I have seen the enemy, and he is us.

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debaters
The other day I entered the fray of a debate on Facebook about which is better, Fox News or MSNBC, and their commentators.  I am referring about talk show hosts such as Fox News’ Glenn Beck, Hannity, Bill O’Reilly and their radio counterpart Rush Limbaugh.  The original comment was derisive of commentator Keith Olbermann, but we might as well include other liberal commentators such as Rachel Maddow and Chris Matthews.

One of the first comments was from a conservative that made the comment that she watched MSNBC and Olbermann in order to “know the enemy”.  I would hope that this turn of speech was figurative in nature, but there are those in our country that believe that those on the other end of the political spectrum are literally enemies.

This political war analogy speech is destructive to our country. Why are those with ideologies different than our own so easily called enemies?  We are all Americans, and our debate should never use terms that should be reserved for war. Such terms are divisive in nature, and when our children hear such terms they may not distinguish between true enemies in the world which seek to harm us with bombs and bullets, versus those who are simply putting forth a differing worldview or ideology as the best way to proceed in this world.

This country is built on debate and compromise. Whether the debate happens in the court system, the legislature or the television airwaves, debate is good, especially when the debate actually helps each opponent understand better the position of the other. The debate becomes destructive only when we dig our figurative heels in the ground trying to win at all costs and fail to come away from the debate more informed or compassionate of opposing ideals.

A nation of individuals such as America will never agree on every point of discussion, but there should at least be an understanding of what others believe, not just so we can strategize against those so called opposing beliefs, but so that we can incorporate the best of all beliefs. Politics are not a football game that is won or lost, but a way that we as Americans decide how to align our culture and laws to the needs of all citizens.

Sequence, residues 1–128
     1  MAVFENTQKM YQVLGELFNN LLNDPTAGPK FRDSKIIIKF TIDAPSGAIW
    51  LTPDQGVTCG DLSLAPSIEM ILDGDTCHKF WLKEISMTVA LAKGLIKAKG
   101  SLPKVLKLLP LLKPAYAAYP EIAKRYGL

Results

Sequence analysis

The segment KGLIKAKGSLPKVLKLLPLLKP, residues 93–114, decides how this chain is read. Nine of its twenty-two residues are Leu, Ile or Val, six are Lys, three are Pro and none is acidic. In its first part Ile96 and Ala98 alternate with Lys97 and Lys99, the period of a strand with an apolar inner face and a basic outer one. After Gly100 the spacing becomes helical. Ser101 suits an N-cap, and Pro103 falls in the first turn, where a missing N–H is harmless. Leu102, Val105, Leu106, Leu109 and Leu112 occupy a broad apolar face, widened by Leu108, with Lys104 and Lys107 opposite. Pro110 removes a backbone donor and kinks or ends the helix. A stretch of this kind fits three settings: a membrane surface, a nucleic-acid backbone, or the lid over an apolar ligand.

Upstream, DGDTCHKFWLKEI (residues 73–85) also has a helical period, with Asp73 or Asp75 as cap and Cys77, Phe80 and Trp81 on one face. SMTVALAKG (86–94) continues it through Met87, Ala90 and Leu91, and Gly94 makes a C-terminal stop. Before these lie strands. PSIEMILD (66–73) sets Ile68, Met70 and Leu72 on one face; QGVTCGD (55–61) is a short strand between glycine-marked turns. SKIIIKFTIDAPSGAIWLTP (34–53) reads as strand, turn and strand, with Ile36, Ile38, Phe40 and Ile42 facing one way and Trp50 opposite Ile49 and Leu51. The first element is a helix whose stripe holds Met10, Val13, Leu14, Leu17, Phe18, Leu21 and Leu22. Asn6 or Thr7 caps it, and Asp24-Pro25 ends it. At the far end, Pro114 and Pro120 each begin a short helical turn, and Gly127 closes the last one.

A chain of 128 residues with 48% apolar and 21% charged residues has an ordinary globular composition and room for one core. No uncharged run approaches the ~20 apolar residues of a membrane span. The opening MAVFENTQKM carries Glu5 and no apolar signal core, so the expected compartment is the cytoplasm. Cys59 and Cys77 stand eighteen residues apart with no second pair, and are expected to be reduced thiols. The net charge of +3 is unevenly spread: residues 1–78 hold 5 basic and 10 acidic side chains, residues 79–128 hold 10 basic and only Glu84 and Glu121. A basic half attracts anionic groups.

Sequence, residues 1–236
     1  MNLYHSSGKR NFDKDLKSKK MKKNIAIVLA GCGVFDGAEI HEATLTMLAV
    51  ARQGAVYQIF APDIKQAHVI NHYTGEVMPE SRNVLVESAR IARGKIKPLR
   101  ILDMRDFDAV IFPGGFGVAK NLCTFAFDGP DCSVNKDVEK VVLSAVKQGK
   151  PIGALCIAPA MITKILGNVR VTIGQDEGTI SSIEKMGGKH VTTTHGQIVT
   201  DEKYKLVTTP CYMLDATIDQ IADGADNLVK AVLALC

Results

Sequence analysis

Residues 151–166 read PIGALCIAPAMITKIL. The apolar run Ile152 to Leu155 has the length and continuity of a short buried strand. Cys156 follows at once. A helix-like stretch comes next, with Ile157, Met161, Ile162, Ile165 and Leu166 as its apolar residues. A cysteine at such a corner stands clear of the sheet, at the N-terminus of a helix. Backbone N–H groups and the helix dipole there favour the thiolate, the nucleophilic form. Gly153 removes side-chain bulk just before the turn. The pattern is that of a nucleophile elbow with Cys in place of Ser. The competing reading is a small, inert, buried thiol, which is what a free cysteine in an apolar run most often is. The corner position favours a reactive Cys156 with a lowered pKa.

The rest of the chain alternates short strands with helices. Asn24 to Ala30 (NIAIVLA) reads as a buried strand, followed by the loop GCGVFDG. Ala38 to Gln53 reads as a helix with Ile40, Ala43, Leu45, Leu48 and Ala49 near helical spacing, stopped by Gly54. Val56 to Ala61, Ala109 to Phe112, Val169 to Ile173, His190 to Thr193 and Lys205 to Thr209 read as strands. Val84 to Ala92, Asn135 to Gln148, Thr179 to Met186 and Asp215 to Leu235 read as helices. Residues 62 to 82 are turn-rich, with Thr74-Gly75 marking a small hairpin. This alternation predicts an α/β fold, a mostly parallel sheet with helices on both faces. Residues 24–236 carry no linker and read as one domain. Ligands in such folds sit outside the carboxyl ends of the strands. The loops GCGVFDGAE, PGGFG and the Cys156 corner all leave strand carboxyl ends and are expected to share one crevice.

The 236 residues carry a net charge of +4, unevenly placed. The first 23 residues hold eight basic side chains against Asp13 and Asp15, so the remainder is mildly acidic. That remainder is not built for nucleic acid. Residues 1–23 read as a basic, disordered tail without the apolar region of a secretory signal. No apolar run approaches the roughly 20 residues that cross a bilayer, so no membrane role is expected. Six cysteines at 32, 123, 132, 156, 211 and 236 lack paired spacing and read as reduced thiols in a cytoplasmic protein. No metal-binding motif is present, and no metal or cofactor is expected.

The other day I entered the fray of a debate on Facebook about which is better, Fox News or MSNBC, and their commentators.  I am referring about talk show hosts such as Fox News’ Glenn Beck, Hannity, and their radio counterpart Rush Limbaugh.  The original comment was derisive of commentator Keith Olbermann, but we might as well include other liberal commentators such as Rachel Maddow and Chris Matthews.

One of the first comments was from a conservative that made the comment that she watched MSNBC and Olbermann in order to “know the enemy”.  I would hope that this turn of speech was figurative in nature, but there are those in our country that believe that those on the other end of the political spectrum are literally enemies.

This political war analogy speech is destructive to our country. Why are those with ideologies different than our own so easily called enemies?  We are all Americans, and our debate should never use terms that should be reserved for war. Such terms are divisive in nature, and when our children hear such terms they may not distinguish between true enemies in the world which seek to harm us with bombs and bullets, versus those who are simply putting forth a differing worldview or ideology as the best way to proceed in this world.

This country is built on debate and compromise. Whether the debate happens in the court system, the legislature or the television airwaves, debate is good, especially when the debate actually helps each opponent understand better the position of the other. The debate becomes destructive only when we dig our figurative heels in the ground trying to win at all costs and fail to come away from the debate more informed or compassionate of opposing ideals.

A nation of individuals such as America will never agree on every point of discussion, but there should at least be an understanding of what others believe, not just so we can strategize against those so called opposing beliefs, but so that we can incorporate the best of all beliefs. Politics are not a football game that is won or lost, but a way that we as Americans decide how to align our culture and laws to the needs of all citizens.

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